(Report below from Ray McGovern)
The occasion was the annual meeting of the Academy of Philosophy and Letters, June 13, 2015, at the BWI Doubletree Hotel — oddly, surrounded by NSA buildings in Linthicum, MD.
The evening program was hosted by John Henry, of the Committee for the Republic.
The topic was: “The National Security Agency’s War on the U.S. Constitution”
Speakers: William Binney, Kirk Wiebe, Thomas Drake, James Bamford, Bruce Fein, John Henry, and Ray McGovern
The Committee for the Republic was pleased to afford an appropriate occasion for William Binney to receive the framed citation (in English and German) for the Sam Adams Award for Integrity in Intelligence. The award was originally presented to Binney at an SRO ceremony in Berlin on January 22, 2015.
Ed Snowden, who was live-streamed into that Berlin ceremony, emphasized that “Without Bill Binney there would be no Ed Snowden.” Bill, in turn, had been greatly encouraged by the courageous, principled stand taken by Tom Drake in facing down the U.S. Department of Justice and NSA successfully, after four years of persecution that included government-provided “evidence” proven in Court to have been forged.
Actually, in a very real sense, it was a triple-play: Drake to Binney to Snowden. So it was altogether appropriate that Tom Drake be the Sam Adams Associate to present the framed award to Bill Binney on June 13, 2015 in the belly of the (NSA) beast.
Tom also had been the clear choice of his colleague Sam Adams Associates to present the 2013 award for integrity in intelligence to Ed Snowden in Moscow on October 7, 2013. As soon as Ed surfaced in Hong Kong, he made it clear that the U.S. government abuse of Tom had convinced Ed that he had to leave the U.S. in order to achieve his mission and have some chance — however slight it seemed at the time — of avoiding spending the rest of his life in prison.
Hats off to Drake to Binney to Snowden: courageous patriots all!
….The panel rejected the government’s argument that the ACLU lacked standing because it couldn’t prove that any one person’s records, sitting in a searchable database, had been reviewed by government officials. But whether it’s a machine or a person doing the searching doesn’t matter, Lynch wrote:
[T]he government admits that, when it queries its database, its computers search all of the material stored in the database in order to identify records that match the search term. In doing so, it necessarily searches appellants’ records electronically, even if such a search does not return appellants’ records for close review by a human agent. There is no question that an equivalent manual review of the records, in search of connections to a suspect person or telephone, would confer standing even on the government’s analysis. That the search is conducted by a machine might lessen the intrusion, but does not deprive appellants of standing to object to the collection and review of their data.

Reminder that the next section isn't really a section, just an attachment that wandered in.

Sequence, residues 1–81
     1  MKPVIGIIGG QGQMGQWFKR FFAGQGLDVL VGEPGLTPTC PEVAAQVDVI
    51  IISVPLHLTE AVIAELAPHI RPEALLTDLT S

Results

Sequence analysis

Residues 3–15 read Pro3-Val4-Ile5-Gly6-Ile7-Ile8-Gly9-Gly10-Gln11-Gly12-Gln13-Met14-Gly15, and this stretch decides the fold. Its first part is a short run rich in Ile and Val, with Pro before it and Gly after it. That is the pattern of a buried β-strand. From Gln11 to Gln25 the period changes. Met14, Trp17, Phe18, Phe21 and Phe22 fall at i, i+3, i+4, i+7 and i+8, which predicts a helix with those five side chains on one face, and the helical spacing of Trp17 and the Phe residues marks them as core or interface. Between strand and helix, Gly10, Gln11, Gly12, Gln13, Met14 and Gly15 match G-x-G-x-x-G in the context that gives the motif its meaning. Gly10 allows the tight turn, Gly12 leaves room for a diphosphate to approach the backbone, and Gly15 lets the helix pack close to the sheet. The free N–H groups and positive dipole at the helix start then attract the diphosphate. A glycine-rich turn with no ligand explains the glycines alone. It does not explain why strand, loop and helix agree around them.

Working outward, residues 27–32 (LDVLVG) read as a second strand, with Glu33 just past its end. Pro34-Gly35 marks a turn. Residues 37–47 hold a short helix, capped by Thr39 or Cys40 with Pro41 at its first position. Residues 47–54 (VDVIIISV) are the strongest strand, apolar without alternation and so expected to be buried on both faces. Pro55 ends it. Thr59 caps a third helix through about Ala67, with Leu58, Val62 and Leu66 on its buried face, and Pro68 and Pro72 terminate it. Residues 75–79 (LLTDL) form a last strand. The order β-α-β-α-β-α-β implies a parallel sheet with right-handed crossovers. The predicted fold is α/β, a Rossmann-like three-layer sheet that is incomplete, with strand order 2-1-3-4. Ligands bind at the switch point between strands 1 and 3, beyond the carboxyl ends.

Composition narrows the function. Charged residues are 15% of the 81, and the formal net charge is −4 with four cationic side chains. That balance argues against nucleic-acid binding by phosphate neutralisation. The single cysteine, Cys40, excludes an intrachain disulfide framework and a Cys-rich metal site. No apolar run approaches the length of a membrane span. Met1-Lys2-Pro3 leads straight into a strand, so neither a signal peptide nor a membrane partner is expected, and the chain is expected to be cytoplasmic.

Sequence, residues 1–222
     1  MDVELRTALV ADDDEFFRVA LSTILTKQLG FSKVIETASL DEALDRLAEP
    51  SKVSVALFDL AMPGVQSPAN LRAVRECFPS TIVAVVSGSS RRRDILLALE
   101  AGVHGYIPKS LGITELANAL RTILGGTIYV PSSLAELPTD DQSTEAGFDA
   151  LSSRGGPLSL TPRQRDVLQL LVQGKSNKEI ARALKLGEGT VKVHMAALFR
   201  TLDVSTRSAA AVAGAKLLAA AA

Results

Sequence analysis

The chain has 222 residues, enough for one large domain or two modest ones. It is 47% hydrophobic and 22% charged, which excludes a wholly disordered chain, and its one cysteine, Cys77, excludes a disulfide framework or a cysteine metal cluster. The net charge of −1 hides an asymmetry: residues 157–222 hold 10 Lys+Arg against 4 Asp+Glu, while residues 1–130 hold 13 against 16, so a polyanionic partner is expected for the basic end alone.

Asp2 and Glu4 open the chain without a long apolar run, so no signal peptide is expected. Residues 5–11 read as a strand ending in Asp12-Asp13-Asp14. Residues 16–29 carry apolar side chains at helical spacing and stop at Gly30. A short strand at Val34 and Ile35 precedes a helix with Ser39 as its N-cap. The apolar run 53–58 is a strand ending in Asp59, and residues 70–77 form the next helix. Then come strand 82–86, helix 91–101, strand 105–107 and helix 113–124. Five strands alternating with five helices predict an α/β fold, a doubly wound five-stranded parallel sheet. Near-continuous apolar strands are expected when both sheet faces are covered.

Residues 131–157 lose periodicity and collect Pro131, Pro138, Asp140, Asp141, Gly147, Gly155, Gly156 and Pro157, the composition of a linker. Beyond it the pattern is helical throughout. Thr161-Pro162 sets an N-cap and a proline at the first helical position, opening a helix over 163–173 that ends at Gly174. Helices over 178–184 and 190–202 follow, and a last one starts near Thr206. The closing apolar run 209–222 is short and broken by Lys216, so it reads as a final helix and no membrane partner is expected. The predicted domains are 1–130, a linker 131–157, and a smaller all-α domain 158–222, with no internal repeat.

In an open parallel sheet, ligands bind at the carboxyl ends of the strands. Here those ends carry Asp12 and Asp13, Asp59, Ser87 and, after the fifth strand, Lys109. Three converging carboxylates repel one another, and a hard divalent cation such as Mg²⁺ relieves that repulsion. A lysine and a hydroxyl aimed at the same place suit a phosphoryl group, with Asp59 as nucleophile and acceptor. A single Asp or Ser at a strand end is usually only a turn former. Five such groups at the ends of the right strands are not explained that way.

This could become an important precedent in a legal review of the NSA’s ability to automatically turn voice into text, which I disclosed on Tuesday, based on more documents from the Snowden archive.
The court’s rebuttal of the government’s argument that Congress wanted bulk collection kept secret from the public is quietly blistering:
The government has pointed to no affirmative evidence, whether “clear and convincing” or “fairly discernible,” that suggests that Congress intended to preclude judicial review. Indeed, the government’s argument from secrecy suggests that Congress did not contemplate a situation in which targets of § 215 orders would become aware of those orders on anything resembling the scale that they now have. That revelation, of course, came to pass only because of an unprecedented leak of classified information.
The court did not officially rule on whether the program is unconstitutional, because it ruled it illegal on a statutory basis. But, Lynch wrote: “The seriousness of the constitutional concerns, however, has some bearing on what we hold today, and on the consequences of that holding.”
The primary author of the Patriot Act, Rep. Jim Sensenbrenner, R-Wisc., has said that neither he nor anyone else imagined the law would be used for bulk domestic surveillance. “How can every call that every American makes or receives be relevant to a specific investigation?” Sensenbrenner asked, shortly after Snowden revealed the program.
And as Lynch wrote in the opinion: “Congress cannot reasonably be said to have ratified a program of which many members of Congress – and all members of the public – were not aware.”
In a concurring opinion, Judge Robert D. Sack wrote:
Considering the issue of advocacy in the context of deliberations involving alleged state secrets, and, more broadly, the “leak” by Edward Snowden that led to this litigation, calls to mind the disclosures by Daniel Ellsberg that gave rise to the legendary “Pentagon Papers” litigation